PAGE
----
In commercial real estate brokerage sales and leasing today, the clients that you know and work with are the foundation of your listings and commissions over time. Your client list has to grow in a continual way and that should be the ‘top priority’ of your working day as an agent.
Here are some key client questions for you to consider:
What is the best type of client for you to serve locally?
How can you ‘stand out’ as the agent of choice in your region?
Why should clients remember you as an agent when they need property help?
Why are you a better choice than your competitors from a ‘broker’ perspective?
What is your service approach to ‘exclusive’ clients and how is that special?
As you strive to build market share as an agent, these questions are quite important. Your database, and client interaction should be built around these core issues. Your answers to these questions should not be ‘generic’ if you are to capture a good share of the local property market and client base.
In this audio program by John Highman, you can learn some more facts about client contact and conversion in commercial real estate brokerage. You can get the audio below:
When you work in commercial real estate, you really do need a good quality database that you can rely on to find the right people and properties as part of a matching process. Whilst it seems so logical, most agents struggle with the discipline of a database. They have issue with things like:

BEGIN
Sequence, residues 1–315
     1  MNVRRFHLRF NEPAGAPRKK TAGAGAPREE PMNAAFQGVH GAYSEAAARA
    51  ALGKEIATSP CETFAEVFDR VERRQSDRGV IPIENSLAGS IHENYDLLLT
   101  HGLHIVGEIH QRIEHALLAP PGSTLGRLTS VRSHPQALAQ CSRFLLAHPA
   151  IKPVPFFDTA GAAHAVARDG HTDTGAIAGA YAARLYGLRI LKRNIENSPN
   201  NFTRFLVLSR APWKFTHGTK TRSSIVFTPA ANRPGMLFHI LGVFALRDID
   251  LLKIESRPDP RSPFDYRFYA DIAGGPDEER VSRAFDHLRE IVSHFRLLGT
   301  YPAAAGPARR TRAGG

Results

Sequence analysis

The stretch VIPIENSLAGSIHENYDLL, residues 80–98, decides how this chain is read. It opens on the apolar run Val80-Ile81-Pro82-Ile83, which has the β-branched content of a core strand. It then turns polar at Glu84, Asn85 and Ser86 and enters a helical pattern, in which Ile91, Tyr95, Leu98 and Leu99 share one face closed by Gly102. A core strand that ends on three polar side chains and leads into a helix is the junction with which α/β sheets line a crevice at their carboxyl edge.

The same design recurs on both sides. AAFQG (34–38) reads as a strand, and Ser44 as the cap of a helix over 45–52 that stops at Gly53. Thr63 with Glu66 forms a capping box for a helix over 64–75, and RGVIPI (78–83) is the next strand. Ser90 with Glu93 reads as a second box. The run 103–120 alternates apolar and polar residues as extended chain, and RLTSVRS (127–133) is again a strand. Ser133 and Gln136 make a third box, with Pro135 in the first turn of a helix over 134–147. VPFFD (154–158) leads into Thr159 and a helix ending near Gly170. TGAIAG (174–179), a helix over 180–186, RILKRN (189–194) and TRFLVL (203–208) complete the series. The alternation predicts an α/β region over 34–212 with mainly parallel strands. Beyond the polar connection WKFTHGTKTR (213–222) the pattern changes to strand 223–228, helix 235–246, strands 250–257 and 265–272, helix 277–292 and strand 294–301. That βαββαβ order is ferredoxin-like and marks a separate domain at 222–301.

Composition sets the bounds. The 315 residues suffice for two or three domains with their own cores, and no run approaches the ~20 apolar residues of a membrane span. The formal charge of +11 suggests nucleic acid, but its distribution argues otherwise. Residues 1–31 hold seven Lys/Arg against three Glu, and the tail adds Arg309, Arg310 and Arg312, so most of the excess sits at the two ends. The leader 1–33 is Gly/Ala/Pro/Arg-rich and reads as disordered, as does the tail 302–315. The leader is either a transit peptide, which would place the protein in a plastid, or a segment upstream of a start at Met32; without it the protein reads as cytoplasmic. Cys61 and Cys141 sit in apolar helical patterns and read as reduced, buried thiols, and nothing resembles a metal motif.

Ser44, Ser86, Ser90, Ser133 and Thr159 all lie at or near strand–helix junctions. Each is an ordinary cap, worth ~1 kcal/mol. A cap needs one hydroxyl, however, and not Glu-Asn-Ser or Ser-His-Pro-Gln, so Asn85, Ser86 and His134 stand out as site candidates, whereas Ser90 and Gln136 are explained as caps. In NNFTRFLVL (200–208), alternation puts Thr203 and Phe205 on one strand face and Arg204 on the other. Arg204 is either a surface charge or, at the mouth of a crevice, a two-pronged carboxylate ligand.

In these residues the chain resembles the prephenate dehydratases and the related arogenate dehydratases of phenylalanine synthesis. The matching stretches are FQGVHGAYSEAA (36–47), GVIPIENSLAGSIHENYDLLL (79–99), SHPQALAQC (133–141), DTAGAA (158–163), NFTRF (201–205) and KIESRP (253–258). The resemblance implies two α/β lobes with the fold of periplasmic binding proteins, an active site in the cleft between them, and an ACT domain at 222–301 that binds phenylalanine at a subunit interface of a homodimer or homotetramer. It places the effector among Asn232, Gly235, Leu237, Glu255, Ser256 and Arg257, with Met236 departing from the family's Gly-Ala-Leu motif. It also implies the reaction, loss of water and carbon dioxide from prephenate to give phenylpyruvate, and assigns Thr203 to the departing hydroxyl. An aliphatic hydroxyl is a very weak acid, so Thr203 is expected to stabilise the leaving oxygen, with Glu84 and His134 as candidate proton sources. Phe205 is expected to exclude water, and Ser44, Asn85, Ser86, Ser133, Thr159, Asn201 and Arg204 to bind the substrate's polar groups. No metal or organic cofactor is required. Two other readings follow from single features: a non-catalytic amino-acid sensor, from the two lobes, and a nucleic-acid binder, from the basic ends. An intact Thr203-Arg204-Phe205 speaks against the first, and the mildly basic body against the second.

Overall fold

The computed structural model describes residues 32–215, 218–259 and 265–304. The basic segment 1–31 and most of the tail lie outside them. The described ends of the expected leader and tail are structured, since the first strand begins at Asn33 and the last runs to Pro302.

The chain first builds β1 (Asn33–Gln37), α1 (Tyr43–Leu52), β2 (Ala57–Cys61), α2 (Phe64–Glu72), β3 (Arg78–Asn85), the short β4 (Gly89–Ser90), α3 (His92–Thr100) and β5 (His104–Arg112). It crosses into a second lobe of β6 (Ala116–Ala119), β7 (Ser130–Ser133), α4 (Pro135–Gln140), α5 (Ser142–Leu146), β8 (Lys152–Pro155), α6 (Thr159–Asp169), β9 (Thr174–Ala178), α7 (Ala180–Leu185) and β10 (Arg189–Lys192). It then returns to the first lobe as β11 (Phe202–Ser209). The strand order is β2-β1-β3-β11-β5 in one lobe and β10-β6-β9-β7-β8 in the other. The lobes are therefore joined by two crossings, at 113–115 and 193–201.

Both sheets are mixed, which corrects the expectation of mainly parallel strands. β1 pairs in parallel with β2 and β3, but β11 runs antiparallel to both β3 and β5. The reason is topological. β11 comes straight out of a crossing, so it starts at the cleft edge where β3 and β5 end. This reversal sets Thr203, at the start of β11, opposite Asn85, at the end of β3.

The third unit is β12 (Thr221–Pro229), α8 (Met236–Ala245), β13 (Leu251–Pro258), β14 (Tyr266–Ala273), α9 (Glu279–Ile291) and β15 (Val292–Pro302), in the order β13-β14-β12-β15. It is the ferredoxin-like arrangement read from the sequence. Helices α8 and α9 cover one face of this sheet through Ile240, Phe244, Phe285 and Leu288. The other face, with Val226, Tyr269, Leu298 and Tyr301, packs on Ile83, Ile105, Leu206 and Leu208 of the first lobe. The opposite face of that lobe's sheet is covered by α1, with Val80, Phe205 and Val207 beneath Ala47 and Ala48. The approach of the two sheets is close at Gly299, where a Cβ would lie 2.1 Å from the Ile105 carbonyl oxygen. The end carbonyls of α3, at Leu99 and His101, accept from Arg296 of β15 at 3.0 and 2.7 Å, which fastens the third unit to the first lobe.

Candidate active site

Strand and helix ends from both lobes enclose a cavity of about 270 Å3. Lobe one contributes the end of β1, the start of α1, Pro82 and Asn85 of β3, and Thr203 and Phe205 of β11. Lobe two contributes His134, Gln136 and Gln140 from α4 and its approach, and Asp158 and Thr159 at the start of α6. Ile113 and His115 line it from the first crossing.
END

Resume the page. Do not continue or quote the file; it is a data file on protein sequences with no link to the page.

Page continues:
Finding the time to make the calls
Capturing all of the information from meetings and calls
Keeping up the call momentum
Integrating the client list with emails and brochure dispatch systems, etc.
So the list can go on. The database is the prime way to find real estate opportunities and do something with them. Today there are plenty of options with software brands, data collation methods, and pipeline tracking, for some positive results to be achieved by any broker or agent in commercial real estate. Everything comes down to personal application and effort.
You don’t have to pay a lot of money to have such a program helping you grow your real estate business. One key decision in all of this is whether you should go ‘cloud based’ in your data storage. Common consensus says you should, given that most people like to access their client and prospect information from a variety of devices when they are away from the office.
In this audio, John Highman talks about the client list processes and how you can work the data that you gather from your clients today.
The commercial property management segment of the market can be quite lucrative from a brokerage perspective. The clients that you serve in that way require specialized skills and services over an extended period of time. The complexity of the property can involve strategies and activities across the tenancy mix, leasing, vacancy resolve, maintenance management, asset planning, and income performance. There are many things to do and many ways to approach the challenges that the client may face.
So the message here is that you can and should develop a significant property management portfolio in your real estate brokerage. Take the time to develop a list of clients and prospects who will need your services in management at some stage in the future. Develop a prospecting process to open the doors to management opportunity.
The best way to attract commercial real estate clients and those needing management services is to directly prospect the owners of the best buildings in the best locations. It is always preferable to manage a building with multiple tenants in occupancy and multiple levels of income generation.